The cook came to the deck and banged a wooden spoon against the deck bell to call us to dinner. We ate, then went to our cabin to gather a few instruments, then went up on deck to play for the crew.
   The ship moved through the water propelled more by current than wind, but we were still on our heading and the quiet seas allowed us a good audience. We played well into morning until the spotter called out,    “Land!”

Thursday, July 31, 2014

Represent with Good Editing 
Originally posted June 7th 2014 on ShadowPortal.blogspot.com

Editing—that tedious task that grinds on and on until it seems that it takes longer to edit than to write.  Over and over again through the same manuscript, until you are in danger of hating your own words.  Are you a struggling indie author who lacks the funds for such luxuries as a professional editor?  Me too.  So, let me share something that I learned the hard way.  Edit— edit until your eyes bleed and your fingers are numb.

My first book was well accepted.  Those who read it gave it good remarks and a passing grade.  All but one and that review was  scathing.  Why?  Because it was poorly edited  and the reviewer was sick and tired of indies not following through with editing.  I think I broke the camel’s back. She suggested I should have paid for a professional editor.  Believe me I wanted to, but as I said that is a luxury for me.  There were other factors in my life at the time too that caused me to rush the process, but those factors are now eliminated and we live and carry on.  In retrospect I should have waited for life to level off. I just wasn’t sure I’d ever see it in print if I waited, so I pushed it through.

 I found it interesting that most reviews spoke to the story saying it was a page turner with solid plot and good character development, but this woman ripped it apart.  Some reviewers  are kind and don’t want to say negative things about a book, unless it is pure garbage.  So I feel safe to say my story was good, but the editing left something to be desired.  Not pure garbage, but it didn’t smell quite right. I was surprised at first; I was feeling good about the book until that review, but she was right.  I had some spelling errors, and misplaced commas (what I affectionately call my identifying pen stroke), and a misused word.  In the overall picture of 296 pages that might not seem like much, but it bears on my reputation with editors, agents, and publishers.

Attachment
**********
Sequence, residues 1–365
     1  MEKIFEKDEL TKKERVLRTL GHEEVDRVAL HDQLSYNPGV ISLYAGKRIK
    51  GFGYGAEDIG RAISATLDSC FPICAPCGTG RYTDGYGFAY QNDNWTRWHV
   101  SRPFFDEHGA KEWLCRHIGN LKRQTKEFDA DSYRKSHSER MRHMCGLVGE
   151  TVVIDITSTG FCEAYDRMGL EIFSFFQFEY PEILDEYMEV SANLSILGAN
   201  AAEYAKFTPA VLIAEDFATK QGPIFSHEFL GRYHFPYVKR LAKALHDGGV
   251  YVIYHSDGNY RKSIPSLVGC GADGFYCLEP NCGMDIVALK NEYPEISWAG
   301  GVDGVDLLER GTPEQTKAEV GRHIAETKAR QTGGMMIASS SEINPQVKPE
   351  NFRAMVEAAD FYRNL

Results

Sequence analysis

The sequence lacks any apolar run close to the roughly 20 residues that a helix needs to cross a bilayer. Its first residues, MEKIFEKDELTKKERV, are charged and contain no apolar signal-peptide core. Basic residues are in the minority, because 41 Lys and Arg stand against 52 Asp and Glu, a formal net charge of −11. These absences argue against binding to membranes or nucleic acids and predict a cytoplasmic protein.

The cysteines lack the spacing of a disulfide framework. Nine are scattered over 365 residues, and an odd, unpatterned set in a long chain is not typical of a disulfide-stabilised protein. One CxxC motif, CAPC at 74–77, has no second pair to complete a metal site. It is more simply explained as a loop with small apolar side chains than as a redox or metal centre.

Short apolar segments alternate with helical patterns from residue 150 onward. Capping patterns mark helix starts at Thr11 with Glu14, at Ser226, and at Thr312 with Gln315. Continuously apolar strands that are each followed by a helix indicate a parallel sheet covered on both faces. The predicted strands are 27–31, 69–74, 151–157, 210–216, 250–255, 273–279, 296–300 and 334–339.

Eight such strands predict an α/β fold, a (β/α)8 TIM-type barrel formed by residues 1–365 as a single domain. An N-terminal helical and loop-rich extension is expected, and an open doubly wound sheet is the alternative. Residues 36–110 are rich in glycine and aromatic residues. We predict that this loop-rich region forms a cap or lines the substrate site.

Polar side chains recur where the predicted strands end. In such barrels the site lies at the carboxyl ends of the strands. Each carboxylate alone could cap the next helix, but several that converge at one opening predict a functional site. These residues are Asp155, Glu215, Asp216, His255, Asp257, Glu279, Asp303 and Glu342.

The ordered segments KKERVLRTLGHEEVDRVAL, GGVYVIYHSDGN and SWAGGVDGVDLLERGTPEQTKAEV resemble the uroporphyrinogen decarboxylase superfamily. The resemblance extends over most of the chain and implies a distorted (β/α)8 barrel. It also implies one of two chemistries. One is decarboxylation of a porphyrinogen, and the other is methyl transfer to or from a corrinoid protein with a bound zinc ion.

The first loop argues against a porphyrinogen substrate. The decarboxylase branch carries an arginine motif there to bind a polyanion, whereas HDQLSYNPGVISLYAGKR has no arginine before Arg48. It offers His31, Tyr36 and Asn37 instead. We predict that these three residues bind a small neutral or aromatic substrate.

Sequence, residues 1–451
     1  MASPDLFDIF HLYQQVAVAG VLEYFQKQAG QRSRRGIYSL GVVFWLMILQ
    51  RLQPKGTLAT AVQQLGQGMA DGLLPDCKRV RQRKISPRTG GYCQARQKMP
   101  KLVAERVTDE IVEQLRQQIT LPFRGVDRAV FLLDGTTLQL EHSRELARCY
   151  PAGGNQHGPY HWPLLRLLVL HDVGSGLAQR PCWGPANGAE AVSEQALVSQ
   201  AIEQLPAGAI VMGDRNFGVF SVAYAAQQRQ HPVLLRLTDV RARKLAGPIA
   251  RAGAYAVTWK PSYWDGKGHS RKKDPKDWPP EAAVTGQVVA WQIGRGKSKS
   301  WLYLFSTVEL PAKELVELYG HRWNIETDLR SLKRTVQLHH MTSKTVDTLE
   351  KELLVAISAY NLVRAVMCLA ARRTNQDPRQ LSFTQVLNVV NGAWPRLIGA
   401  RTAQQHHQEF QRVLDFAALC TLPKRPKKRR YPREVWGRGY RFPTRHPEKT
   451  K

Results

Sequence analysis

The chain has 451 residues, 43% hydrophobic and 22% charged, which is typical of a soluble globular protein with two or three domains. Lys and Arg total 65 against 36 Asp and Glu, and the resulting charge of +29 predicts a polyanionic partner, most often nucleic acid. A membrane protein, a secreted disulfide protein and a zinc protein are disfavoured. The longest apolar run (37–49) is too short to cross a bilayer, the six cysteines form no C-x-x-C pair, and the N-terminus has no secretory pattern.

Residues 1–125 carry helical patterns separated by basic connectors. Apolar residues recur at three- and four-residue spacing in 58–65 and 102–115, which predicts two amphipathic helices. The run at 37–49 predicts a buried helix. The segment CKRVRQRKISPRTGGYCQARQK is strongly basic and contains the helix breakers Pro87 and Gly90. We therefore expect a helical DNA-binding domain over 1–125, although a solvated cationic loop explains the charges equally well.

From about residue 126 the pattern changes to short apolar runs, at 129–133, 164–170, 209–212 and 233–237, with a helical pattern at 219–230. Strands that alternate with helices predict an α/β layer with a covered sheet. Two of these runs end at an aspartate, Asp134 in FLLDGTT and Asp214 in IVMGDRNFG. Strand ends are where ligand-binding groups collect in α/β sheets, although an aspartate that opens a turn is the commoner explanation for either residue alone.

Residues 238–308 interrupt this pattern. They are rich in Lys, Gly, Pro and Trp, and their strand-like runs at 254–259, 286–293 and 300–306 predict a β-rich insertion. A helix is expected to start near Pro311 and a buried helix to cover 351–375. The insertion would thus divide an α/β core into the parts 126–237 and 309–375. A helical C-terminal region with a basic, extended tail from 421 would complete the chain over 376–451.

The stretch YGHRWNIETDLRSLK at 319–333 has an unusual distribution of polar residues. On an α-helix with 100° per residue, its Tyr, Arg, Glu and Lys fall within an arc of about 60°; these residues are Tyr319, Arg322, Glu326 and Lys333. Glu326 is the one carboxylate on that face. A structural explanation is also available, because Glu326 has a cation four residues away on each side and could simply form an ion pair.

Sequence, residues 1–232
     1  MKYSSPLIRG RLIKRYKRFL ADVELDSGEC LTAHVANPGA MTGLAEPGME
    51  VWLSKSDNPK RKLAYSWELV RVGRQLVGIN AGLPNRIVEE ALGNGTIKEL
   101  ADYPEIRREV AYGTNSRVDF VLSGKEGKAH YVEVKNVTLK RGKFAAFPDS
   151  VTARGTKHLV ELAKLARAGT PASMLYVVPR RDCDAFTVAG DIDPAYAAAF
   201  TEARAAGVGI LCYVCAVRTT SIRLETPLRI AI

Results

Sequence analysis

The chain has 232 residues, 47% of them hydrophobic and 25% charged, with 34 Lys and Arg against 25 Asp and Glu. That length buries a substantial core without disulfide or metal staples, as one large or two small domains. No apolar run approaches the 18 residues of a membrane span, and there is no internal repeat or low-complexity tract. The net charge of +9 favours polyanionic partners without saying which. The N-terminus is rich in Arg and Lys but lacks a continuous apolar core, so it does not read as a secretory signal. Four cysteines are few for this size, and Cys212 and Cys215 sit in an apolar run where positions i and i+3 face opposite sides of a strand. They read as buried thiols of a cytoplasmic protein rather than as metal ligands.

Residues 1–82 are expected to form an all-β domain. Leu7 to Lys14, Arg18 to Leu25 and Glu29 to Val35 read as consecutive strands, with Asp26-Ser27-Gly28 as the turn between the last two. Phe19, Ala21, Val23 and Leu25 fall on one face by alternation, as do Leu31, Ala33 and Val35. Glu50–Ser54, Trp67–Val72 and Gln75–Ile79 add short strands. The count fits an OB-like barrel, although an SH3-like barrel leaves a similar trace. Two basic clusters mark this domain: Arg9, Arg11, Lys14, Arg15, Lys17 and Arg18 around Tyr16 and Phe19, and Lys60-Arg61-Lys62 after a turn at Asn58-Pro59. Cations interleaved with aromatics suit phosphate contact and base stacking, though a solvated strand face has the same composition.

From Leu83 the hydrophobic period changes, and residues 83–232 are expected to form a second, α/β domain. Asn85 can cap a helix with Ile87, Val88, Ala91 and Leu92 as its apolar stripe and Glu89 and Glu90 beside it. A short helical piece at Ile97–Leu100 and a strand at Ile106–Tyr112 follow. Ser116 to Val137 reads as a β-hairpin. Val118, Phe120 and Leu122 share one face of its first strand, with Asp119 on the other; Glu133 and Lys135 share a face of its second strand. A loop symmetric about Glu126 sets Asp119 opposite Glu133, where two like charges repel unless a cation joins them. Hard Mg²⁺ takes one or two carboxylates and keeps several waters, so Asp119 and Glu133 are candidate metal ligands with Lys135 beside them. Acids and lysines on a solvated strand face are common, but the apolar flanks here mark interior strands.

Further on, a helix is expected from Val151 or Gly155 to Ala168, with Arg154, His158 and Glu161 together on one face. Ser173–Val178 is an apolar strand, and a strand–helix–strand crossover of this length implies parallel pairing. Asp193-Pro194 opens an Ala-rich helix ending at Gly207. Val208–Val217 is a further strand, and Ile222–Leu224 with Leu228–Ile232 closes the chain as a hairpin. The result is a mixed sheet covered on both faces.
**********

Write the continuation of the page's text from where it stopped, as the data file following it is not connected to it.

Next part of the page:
When I write I have a hard time extracting myself from the “fan” equation.  Do I write more for me or for them?   I write for the fans, including myself,  but I edit for the editors, agents, and publishers.  As an indie author the road is rough enough; I will take the road more slowly and carefully from now on.  I may never get the attention of a publishing insider, I am not sure I want to, but the payoff is that my fans get a better product, and I can feel  better about my reputation.

My second book is getting good reviews and it has been mentioned that it has solid editing.  I am proud of that because I worked hard at it.  Spelling may be the most important element in the editing process, but DO NOT rely on spell check. I have auto correct turned off now, so I am forced to look at each and every word without the boon of underlined words, or the bane of wrong spelling that is not underlined because spell check didn’t understand what I was trying to say.  After I go through once I turn spell check back on.  Then I go through again to be sure we understand each other .  After that I  go through and check the grammar.